When it’s time for an angiosperm to have sex, the plant diverts energy and nutrients into creating differentiated reproductive structures. Leaf and other tissues specialize into distinct flower components by altering gene expression and up-regulating exactly those genes necessary for each cell’s particular role. A flower often has female parts – collectively called the carpel, and male parts – comprising the stamen. On the anthers (tips) of the stamen, pollen grains are hollow structures housing millions of individual male gametes (sperm!). Insects pick up these grains and transport them to the carpel of a different plant. Flowers, then, share a bit of nectar in exchange for fertilization!You know that bulbous structure at the base of flowers? Within that ovary lies the ova, or eggs, of the flower. When a bee brings foreign sperm into contact with a viable egg, the receptive flower begins to produce ethylene gas, which triggers the decline of any flower parts not essential in seed and fruit formation (this is the same compound that causes ripening of fruit). Simultaneously, the receptacle and/or ovary wall tissue grows, swelling in size to form a protective (and often tasty!) structure in which to house the developing offspring. Eventually, the structure begins to look like a fruit as we know it; the seeds are the embryos (or house the embryos).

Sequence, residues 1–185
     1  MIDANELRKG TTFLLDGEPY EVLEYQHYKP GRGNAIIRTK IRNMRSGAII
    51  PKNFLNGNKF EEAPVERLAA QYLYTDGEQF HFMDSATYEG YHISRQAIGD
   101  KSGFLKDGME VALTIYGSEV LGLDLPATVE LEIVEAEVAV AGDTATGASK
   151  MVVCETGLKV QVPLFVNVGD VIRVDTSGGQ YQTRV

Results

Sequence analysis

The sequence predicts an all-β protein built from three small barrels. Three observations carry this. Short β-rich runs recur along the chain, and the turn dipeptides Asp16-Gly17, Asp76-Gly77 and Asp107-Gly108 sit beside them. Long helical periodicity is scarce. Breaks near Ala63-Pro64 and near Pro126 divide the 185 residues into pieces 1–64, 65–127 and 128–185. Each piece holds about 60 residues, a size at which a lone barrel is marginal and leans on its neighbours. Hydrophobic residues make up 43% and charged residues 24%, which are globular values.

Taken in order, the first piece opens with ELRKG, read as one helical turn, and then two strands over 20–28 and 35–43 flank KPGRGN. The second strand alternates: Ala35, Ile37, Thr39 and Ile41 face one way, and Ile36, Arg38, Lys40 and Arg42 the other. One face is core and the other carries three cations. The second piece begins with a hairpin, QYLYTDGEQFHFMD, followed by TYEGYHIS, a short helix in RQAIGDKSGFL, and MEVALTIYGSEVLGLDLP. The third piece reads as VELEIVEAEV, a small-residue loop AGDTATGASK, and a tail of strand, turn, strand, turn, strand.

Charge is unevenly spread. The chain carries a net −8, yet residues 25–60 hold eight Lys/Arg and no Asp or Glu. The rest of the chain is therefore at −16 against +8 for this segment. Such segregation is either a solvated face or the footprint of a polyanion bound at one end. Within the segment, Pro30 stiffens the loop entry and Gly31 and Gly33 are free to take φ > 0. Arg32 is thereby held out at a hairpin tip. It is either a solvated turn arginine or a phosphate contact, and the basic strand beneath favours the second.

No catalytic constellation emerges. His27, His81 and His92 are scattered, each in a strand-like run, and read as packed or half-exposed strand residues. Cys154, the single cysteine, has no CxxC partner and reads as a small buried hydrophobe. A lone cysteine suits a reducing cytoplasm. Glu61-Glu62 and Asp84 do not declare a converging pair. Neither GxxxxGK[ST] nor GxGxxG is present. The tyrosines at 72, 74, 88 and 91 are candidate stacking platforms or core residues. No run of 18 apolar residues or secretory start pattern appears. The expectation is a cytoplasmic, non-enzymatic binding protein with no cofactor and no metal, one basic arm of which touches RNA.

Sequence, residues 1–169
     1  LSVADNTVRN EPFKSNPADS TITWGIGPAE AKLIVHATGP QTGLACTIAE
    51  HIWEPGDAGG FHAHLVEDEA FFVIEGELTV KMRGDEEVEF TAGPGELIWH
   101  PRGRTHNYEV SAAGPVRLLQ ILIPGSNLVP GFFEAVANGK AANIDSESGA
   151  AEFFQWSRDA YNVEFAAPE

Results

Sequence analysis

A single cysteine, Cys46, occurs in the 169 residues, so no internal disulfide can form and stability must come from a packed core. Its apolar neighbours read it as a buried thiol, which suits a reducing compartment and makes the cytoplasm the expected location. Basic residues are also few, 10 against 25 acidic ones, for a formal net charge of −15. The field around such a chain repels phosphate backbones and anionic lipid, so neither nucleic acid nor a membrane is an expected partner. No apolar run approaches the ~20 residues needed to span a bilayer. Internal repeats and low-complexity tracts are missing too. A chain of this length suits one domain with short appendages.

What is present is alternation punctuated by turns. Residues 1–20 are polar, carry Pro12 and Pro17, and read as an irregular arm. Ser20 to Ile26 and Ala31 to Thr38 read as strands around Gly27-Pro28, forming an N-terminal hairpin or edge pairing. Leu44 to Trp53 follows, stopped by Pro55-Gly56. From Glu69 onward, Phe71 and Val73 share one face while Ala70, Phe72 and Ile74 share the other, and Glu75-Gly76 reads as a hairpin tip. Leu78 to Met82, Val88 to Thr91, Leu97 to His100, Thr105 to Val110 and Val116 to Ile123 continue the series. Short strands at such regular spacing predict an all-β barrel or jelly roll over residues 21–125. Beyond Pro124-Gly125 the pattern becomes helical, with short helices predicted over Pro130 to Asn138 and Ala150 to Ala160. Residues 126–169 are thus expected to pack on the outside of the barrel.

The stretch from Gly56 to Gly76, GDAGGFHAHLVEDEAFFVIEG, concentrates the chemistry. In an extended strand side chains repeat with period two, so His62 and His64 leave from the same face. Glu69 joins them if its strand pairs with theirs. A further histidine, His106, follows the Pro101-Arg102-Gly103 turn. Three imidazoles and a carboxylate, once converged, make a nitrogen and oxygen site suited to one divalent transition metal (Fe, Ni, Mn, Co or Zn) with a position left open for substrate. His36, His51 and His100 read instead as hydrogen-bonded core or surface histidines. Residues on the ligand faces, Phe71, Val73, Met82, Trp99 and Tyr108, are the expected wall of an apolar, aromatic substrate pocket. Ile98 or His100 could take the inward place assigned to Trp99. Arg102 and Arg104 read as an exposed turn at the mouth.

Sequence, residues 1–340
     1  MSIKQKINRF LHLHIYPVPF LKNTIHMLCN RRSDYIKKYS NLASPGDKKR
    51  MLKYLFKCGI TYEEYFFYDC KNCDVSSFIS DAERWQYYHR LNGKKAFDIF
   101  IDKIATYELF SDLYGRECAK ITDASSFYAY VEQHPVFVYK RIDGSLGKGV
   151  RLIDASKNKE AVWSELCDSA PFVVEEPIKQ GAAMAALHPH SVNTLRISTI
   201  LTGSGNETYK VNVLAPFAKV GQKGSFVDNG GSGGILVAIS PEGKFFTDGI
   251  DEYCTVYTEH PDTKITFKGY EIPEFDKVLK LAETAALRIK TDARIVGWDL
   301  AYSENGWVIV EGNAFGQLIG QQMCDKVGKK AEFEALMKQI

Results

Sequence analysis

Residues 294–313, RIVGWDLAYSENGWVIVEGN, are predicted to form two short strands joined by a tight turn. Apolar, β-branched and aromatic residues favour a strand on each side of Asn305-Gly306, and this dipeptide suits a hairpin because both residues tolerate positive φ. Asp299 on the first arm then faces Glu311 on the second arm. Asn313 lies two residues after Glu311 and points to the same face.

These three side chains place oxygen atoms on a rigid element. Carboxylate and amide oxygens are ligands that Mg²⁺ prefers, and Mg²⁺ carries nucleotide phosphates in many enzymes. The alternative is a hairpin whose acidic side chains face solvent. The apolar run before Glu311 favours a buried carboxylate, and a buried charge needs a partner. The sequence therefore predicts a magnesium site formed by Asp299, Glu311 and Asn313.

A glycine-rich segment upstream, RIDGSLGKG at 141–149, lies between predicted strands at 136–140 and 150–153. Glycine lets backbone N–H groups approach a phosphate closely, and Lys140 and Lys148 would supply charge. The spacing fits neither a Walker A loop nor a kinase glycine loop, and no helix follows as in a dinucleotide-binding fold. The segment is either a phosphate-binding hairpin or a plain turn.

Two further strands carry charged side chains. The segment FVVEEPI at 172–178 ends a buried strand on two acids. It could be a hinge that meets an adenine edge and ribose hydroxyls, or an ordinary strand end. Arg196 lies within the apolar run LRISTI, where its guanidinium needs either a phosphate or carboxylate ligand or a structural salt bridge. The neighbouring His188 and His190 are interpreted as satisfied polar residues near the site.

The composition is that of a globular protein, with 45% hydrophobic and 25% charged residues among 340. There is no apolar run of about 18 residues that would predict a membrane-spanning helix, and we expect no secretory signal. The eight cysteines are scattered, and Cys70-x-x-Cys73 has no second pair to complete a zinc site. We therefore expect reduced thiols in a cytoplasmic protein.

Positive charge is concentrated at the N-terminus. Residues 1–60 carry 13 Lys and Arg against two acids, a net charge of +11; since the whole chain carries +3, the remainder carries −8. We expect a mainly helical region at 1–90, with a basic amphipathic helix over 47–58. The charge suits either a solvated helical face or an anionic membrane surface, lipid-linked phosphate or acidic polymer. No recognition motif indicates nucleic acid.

When trees establish themselves in the ground, they compete with one another for resources; access to sunlight, and surface area to absorb water and nutrients from the soil. Mature trees then will often be found spaced apart, at whatever distance that particular ecosystem has the nutrients to support them. So to prevent the parent tree from competing for valuable resources with offspring, trees would like to be able to distance themselves from their seedlings…..And so: The fruit was born. When you or I or some other creature comes along and spies a shiny treat dangling tantalizingly from the tree, we promptly grab it and go. In doing so, we are feeding right in to the plant’s plot – As we wolf down the sweet snack we inadvertently consume the seeds (or, for picky humans, toss them far from the parent plant). Fruit, then, share a bit of nutrition in exchange for seed dispersal (where do you think the term “spreading his seeds” comes from?!).